Family of mountain lions caught on video visiting a SLO County health club

·3 min read

Three mountain lions cruised through the Avila Bay Athletic Club and Spa property on their way toward the Bob Jones Trail in the wee hours Tuesday morning — and the club caught them on video.

“It’s cool because there was two different cameras we were looking from,” said general manager Nancy Terrell.

The surveillance cameras set up by the club captured the mountain lions as they explored the area.

“We could see them come into one of the gates and then trot in front of the club and head right to the Bob Jones Trail,” she said.

Terrell said that she thinks the mountain lions were likely heading for the creek to get some water.

Brandon Swanson, wildlife biologist for San Luis Obispo County California Department of Fish and Wildlife, said it appeared that the group of mountain lions contained one adult, likely female, and two juvenile cubs — between 1 to 1-and-a-half years old.

“They’re just kind of searching around like mountain lions do,” Swanson said.

What makes this sighting special is it captured a family unit. Mountain lions are typically solitary hunters, but they also have very strong family bonds. A mother will raise cubs for well over a year and will tolerate sharing hunting territory with their offspring for even longer, Swanson said.

“Those three will separate pretty soon and they won’t ever interact the same way again,” Swanson said. “She’s just raising her cubs until they’re good to be on their own. ... Tt’s not packs of mountain lions. It’s just a small family unit.”

Two mountain lions wander through the Avila Bay Athletic Club and Spa parking lot on Tuesday, Jan. 18. They were two of three — likely a mother and her two juvenile cubs — caught on the club’s surveillance cameras.
Two mountain lions wander through the Avila Bay Athletic Club and Spa parking lot on Tuesday, Jan. 18. They were two of three — likely a mother and her two juvenile cubs — caught on the club’s surveillance cameras.

Wildlife a common sight at Avila Bay Athletic Club

Although the average person would be fairly surprised to see mountain lions trotting through an athletic club, Swanson said he wasn’t too surprised to learn the big cats were near Avila Beach because they stay close to their food source, which is primarily deer.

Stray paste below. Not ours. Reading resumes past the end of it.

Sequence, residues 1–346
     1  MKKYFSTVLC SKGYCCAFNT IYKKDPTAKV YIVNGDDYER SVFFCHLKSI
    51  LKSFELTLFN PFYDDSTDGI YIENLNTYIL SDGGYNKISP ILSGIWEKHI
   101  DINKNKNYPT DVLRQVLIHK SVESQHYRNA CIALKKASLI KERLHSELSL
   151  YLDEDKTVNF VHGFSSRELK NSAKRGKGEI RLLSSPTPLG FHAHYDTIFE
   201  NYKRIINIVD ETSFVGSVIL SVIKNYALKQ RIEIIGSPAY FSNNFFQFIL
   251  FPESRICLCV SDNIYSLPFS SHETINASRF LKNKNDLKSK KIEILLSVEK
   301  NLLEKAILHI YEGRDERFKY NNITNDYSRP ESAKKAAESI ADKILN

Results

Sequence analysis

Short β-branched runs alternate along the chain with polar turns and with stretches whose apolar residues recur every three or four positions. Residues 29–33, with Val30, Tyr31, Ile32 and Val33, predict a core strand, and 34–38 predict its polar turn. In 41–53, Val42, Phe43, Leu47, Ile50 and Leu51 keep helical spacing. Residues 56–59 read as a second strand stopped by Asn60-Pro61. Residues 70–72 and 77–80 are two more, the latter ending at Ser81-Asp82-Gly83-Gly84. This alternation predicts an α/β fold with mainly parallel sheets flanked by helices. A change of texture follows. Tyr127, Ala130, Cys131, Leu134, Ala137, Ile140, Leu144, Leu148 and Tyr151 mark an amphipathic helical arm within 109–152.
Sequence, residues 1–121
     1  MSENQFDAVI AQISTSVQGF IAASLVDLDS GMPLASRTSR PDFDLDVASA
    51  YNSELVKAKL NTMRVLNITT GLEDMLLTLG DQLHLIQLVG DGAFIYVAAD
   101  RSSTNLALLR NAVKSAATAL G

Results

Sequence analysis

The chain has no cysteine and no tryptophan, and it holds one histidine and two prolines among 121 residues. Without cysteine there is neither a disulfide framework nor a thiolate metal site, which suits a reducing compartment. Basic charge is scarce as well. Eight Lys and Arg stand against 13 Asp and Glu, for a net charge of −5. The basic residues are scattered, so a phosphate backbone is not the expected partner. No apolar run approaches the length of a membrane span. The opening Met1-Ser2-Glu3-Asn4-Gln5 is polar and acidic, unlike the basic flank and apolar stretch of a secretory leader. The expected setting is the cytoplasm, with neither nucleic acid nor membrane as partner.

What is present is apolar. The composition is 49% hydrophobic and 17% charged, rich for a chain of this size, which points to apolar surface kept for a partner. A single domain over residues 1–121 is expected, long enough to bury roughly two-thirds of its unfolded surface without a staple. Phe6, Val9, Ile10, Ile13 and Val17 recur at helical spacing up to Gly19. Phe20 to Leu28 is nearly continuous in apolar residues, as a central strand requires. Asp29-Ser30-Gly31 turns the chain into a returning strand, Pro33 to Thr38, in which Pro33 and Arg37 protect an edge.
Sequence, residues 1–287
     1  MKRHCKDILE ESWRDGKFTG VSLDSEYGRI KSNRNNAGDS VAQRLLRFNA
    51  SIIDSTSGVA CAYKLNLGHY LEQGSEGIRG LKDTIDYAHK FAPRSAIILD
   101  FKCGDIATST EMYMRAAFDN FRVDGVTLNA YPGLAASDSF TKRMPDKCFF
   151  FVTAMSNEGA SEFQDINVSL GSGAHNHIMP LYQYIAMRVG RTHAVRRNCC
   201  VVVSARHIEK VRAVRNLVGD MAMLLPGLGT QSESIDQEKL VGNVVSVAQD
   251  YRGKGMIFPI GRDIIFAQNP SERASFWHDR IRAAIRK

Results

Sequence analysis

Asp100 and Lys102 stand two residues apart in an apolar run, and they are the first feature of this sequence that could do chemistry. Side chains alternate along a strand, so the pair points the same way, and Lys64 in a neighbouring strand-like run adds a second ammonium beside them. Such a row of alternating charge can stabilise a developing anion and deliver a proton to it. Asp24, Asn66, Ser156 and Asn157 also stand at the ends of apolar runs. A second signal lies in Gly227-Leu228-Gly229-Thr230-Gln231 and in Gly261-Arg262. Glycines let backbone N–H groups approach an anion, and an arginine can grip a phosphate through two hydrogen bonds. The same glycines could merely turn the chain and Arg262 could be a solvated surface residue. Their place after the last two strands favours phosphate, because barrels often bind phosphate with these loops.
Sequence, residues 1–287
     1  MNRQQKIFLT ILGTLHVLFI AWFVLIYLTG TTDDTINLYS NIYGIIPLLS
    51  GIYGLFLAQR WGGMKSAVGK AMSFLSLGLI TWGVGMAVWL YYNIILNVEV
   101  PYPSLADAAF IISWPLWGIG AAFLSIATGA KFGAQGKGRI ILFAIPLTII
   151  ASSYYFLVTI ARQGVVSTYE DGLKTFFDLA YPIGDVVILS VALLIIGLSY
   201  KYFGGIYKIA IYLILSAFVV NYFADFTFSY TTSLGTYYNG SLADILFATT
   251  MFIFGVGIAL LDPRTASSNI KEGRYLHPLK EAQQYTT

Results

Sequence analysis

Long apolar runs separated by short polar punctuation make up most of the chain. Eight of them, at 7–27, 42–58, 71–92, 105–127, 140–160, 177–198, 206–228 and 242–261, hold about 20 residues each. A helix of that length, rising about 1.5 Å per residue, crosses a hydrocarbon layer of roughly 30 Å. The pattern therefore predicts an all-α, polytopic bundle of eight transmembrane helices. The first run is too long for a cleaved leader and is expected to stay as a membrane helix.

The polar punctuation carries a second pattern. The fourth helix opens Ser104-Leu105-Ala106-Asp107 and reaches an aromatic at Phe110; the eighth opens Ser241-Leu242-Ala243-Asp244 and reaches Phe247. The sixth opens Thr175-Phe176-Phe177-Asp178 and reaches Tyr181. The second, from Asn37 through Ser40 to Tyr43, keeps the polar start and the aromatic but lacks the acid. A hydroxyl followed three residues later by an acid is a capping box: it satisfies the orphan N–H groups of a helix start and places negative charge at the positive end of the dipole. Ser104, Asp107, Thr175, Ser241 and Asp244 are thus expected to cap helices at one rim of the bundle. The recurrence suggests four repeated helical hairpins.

Terrell said that she wasn’t too surprised either, because the Avila Bay Athletic Club and Spa is often host to various wild creatures, such as birds, deer, turkeys, raccoons and snakes.

“There’s a lot of stuff that goes on in the club,” she said, noting that it feels pretty rustic due to its proximity to the Bob Jones Trail.

This also isn’t the first mountain lion sighting at the club. About 10 years ago, a night worker stumbled upon a large mountain lion drinking out of the athletic club’s pool during the drought, Terrell said.

The prevalence of cell phone cameras, Ring cameras and other video surveillance technology just means more wildlife footage is captured in areas that humans monitor, Swanson said.

“Back 10 and 15 years ago, a community would know about it,” Swanson said. “Now the whole world will know about it.”

He said these interactions are also to be expected as humans continue to encroach on the territory of wild creatures.

Swanson said the mountain lion sighting should not be a cause of concern for the community. Mountain lions are nocturnal creatures that prefer to eat deer not cats or dogs, but they will defend themselves against a perceived threat.

“There was concern by the staff that people might overreact,” Terrell said. “We want everyone to know that everyone can coexist and those creatures are always here, and we just happened to catch them on the cameras.”

Swanson asks that the community fill out a wildlife incident report to help him keep track of the activities of the wild creatures roaming through our backyards. A wildlife incident report can be submitted at apps.wildlife.ca.gov/wir/incident/create.